Goodreads: Lost in the Never Woods
It’s been five years since Wendy and her two brothers went missing in the woods, but when the town’s children start to disappear, the questions surrounding her brothers’ mysterious circumstances are brought back into light. Attempting to flee her past, Wendy almost runs over an unconscious boy lying in the middle of the road, and gets pulled into the mystery haunting the town.
Peter, a boy she thought lived only in her stories, claims that if they don’t do something, the missing children will meet the same fate as her brothers. In order to find them and rescue the missing kids, Wendy must confront what’s waiting for her in the woods.
Lost in the Never Woods is a quiet fantasy that reflects on grief, loss, and moving forward. Wendy Darling and her brothers went missing five years ago, but only Wendy returned. Now, more children in her town are going missing, and the townspeople look to her to have the answers. Wendy, however, cannot remember anything–not even when the boy from her dreams, Peter Pan, appears, asking for her help. Lost in the Never Woods chooses to focus on the aftermath of travelling to fantastic worlds, rather than on the adventure itself. Readers looking for high fantasy will be disappointed, but readers looking for a coming-of-age novel with just a hint of magic will be delighted.
To be clear, Lost in the Never Woods is not a straightforward retelling of Peter Pan. The story occurs after Wendy’s return from Neverland, and what happened during her stay there receives only brief references. The book is concerned more with Wendy’s current situation– just having turned 18, longing to go to college to escape her small town and the guilt she feels over her brothers’ disappearance. Even when Peter Pan appears, he brings very little magic with him. Readers will not receive an introduction to mermaids, to pirates, or to fairies. The main characters are merely Wendy and Peter, and they are involved in a missing persons case, not in swashbuckling escapades.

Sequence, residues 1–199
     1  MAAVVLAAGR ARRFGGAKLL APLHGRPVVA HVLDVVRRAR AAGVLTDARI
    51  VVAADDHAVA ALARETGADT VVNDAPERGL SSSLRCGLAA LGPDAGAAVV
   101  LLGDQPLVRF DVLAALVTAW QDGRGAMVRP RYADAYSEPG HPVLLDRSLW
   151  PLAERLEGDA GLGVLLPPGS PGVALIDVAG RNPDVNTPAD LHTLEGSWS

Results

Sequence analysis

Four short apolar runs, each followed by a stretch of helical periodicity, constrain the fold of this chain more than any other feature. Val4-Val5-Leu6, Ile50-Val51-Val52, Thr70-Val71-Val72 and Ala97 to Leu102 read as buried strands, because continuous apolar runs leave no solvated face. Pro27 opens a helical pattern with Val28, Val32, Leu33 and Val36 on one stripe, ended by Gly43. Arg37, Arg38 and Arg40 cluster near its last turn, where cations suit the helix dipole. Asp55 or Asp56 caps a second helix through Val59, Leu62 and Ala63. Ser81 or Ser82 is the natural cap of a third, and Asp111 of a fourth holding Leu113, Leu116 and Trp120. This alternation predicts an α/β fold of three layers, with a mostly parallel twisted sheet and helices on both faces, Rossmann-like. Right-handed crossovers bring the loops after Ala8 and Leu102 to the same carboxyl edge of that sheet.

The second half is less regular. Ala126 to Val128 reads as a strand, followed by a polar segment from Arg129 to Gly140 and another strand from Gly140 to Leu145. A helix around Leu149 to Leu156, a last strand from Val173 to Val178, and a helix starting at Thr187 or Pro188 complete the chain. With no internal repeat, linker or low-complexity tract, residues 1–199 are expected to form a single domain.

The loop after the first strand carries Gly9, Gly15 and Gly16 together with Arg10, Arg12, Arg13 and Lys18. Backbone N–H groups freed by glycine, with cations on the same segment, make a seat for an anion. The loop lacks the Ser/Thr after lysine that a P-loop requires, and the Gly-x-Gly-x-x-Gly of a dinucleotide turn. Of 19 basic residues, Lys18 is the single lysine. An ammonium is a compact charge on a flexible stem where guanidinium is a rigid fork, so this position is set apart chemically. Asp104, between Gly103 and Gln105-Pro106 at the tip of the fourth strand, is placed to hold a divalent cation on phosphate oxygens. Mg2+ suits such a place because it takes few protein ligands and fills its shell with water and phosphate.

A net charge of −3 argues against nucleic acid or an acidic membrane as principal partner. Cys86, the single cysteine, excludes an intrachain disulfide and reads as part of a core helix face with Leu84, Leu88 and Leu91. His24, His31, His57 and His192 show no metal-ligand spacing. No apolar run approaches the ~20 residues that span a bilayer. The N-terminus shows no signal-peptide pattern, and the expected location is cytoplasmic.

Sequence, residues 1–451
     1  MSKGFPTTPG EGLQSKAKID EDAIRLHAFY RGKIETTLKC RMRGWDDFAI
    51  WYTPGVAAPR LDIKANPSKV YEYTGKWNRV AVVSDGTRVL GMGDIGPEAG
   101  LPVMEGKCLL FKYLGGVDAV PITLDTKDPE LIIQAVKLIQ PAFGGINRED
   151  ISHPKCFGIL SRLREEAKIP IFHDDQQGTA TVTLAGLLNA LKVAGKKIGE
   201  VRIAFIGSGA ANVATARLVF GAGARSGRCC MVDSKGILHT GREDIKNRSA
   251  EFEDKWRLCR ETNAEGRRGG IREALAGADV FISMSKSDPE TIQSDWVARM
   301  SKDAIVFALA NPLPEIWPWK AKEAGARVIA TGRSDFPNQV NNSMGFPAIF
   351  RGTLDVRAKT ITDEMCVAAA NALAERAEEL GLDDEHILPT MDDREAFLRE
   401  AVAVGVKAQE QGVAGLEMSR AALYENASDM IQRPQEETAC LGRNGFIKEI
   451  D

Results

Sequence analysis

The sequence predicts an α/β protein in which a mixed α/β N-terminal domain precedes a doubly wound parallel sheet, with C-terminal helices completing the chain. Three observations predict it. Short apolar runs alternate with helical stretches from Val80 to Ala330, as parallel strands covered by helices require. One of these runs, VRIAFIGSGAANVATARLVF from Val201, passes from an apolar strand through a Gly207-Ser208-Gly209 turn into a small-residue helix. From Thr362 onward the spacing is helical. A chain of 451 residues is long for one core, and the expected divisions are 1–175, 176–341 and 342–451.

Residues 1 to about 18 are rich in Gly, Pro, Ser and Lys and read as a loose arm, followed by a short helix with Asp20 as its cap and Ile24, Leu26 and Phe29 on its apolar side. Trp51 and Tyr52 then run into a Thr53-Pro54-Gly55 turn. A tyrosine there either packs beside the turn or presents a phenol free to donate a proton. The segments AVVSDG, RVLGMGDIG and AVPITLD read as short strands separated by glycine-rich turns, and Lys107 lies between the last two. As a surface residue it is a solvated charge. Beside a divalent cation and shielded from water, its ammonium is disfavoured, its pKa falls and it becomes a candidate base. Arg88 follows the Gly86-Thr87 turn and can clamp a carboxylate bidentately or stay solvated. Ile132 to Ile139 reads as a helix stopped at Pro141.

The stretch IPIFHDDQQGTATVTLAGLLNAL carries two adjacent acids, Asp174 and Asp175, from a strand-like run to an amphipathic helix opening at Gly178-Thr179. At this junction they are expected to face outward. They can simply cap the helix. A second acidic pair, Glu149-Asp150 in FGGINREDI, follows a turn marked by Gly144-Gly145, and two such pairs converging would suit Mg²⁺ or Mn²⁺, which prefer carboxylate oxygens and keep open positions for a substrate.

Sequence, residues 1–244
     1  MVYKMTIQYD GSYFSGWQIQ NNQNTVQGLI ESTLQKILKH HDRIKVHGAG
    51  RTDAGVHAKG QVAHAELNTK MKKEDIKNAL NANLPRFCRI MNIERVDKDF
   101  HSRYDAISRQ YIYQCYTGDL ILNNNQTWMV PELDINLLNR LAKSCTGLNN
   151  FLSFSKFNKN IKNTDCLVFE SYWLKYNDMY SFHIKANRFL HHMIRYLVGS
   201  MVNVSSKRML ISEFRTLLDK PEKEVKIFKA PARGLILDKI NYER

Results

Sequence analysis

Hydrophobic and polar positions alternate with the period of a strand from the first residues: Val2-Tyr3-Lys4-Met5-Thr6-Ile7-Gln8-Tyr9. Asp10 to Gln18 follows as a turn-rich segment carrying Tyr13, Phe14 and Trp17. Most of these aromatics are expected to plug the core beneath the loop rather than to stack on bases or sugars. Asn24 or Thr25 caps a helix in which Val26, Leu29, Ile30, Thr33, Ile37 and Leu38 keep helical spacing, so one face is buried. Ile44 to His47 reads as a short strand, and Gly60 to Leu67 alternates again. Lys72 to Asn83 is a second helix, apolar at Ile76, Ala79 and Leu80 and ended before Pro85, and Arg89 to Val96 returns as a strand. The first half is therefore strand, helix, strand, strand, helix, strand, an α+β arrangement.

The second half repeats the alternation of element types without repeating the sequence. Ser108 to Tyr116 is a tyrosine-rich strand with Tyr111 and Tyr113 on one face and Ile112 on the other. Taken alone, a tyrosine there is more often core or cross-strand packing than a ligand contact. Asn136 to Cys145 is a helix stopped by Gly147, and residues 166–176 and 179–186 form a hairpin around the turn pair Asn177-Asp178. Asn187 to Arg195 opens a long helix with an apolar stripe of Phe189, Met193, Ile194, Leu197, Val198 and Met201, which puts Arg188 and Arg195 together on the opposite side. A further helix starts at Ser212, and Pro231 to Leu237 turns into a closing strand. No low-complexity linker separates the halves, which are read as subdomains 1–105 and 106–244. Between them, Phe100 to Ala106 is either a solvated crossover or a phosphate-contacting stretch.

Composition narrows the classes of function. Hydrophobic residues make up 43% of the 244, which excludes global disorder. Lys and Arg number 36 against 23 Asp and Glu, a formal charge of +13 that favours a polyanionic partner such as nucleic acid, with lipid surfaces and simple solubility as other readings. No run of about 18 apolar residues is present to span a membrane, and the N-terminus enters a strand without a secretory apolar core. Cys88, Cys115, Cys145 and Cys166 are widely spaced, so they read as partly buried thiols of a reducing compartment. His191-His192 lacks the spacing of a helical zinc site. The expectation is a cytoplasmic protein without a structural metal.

The depiction of grief and the way it can tear apart a family is very real and raw here. Wendy and her parents seem unable to move on from the tragedy in their past. Her parents are withdrawn, and her father has taken to drinking. Wendy herself seems stuck, not fully willing to accept that soon she will be in college and will need to forge her own future. Wendy’s feelings are the focal point of the novel, the reason the story exists.
Regrettably, however, the story is a little too repetitious, and could have easily been cut to half the length. Although Wendy ostensibly is looking for the missing children, the bulk of the narrative returns again and again to her guilt. She has the same thought processes over and over, to the point where story gets bogged down in Wendy feeling sorry for herself all the time. In one respect, this could be considered a genius artistic choice–the readers get to experience the same sensation of being stuck as Wendy. In another respect, it just makes for a redundant read.
The begging and the ending of the book are probably its greatest strengths. The beginning gets to build up the mystery and suspense, while the ending gets to present readers with the climax and then closure. The middle however? A good edit with generous use of the backspace would have helped. This makes for some uneven pacing that not all readers will appreciate.
Ultimately, Lost in the Never Woods will appeal to readers who enjoy character-driven stories that are slow and quiet. Going in with the proper expectations–that this is a story about a young woman coming to terms with loss, and not an adventure set in Neverland–will likely make a world of difference to readers.